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Real Turquoise Jewelry ❘ Native American Artistry
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Real Turquoise Jewelry

Turquoise is, undoubtedly, the most common stone used in Southwestern Native American jewelry. While the bright, sky-blue stones set in sterling silver are commonly seen in Zuni turquoise jewelry, turquoise naturally occurs in a variety of hues.

Handmade Native American Jewelry

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The Unique Properties of Real Turquoise Jewelry

Chemically, turquoise is a hydrous phosphate of aluminum containing copper and iron. It is a porous stone and, as such, is not naturally very hard. It is opaque and characterized by a waxy luster.

The presence and amounts of various elements within turquoise composition dictate its color. Genuine turquoise may range from light blue to yellow-green. Some gemstones like White Buffalo and Wild Horse look like white turquoise, but chemically, they do not qualify as turquoise.

Blue and green turquoise is energetically associated with strength, wisdom, protection, and positive thinking.

Southwestern Turquoise Jewelry: Elegant Navajo and Zuni Designs

The two Native American nations most famous for their sterling silver and turquoise jewelry are the Navajo and Zuni.

Navajo turquoise jewelry often features large, chunky stones, showcasing the various color matrixes found in natural turquoise. Even in pieces using the classic sky blue turquoise color, you will still see the dark veins or color variations within the stone.

Zuni turquoise jewelry, on the other hand, typically uses Sleeping Beauty turquoise, which has a consistent, unblemished sky-blue color. Zuni turquoise needlepoint jewelry uses small slivers of turquoise stones arranged in intricate patterns, like the squash blossom. The absence of matrixes in the Sleeping Beauty stones helps to keep attention on the overall pattern and color scheme.

Understanding Turquoise Treatments and Classifications*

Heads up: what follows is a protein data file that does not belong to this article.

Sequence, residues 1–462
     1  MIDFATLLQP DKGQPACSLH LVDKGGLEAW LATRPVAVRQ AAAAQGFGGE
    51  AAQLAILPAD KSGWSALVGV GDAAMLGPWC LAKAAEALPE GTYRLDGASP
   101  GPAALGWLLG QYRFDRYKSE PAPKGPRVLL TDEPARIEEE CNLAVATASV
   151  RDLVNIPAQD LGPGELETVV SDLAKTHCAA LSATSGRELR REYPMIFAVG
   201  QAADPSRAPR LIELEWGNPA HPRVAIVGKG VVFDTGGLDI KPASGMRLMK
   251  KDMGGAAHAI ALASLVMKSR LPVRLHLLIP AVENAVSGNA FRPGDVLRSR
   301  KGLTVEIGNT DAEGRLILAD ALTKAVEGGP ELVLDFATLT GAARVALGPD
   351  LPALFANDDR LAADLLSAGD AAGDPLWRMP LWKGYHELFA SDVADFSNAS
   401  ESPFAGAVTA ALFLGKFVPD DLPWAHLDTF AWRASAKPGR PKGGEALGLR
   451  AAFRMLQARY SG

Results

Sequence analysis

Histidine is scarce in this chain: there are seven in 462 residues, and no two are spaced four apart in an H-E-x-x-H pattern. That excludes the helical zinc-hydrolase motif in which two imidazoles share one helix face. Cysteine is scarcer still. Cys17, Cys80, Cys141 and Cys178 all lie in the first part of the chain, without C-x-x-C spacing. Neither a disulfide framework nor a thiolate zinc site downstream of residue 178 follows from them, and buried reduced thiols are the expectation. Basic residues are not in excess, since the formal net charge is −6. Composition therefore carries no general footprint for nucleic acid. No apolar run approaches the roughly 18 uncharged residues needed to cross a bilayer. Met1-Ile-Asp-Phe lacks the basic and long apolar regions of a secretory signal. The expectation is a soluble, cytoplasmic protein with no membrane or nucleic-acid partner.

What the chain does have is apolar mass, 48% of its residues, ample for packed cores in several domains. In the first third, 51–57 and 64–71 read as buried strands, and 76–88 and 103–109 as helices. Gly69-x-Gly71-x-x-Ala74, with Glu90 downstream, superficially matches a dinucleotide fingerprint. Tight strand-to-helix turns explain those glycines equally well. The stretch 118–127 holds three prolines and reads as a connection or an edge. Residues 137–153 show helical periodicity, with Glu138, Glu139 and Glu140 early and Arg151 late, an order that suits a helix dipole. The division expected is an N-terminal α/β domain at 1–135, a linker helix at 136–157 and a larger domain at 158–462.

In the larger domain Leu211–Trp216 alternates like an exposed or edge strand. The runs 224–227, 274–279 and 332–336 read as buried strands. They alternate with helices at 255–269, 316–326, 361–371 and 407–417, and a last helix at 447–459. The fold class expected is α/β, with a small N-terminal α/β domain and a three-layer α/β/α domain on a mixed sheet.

Because it is naturally a relatively soft stone (its hardness is comparable to window glass), turquoise is often treated to increase its durability for use in jewelry by Navajo and other Southwestern Native American artists. Treatments like lacquering that only affect the stone’s hardness result in “stabilized” turquoise.

However, some treatments also affect the color of turquoise. Treatments that apply dyes in addition to processes to improve hardness result in turquoise that is classified as “treated.”

Still, other processes compress turquoise nuggets or powders into a solid stone. Depending on the size of the turquoise particles at the start of the process, stones resulting from this process may be classified as “reconstituted” or “imitation.”

*Turquoise classifications are delineated in the 1973 New Mexico Indian Arts and Crafts Act.

It is essential to understand the types and results of various treatments when purchasing Native American turquoise jewelry. Merchants may not always tell you how a stone has been treated, which means the stone could be fake, or the treatment effects may likely degrade quickly.

If you have any questions about turquoise treatments or want to learn more about real turquoise jewelry, please contact us.

Contact Palms Trading Company today

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Please call us at

(800) 748-1656 or (505) 247-8504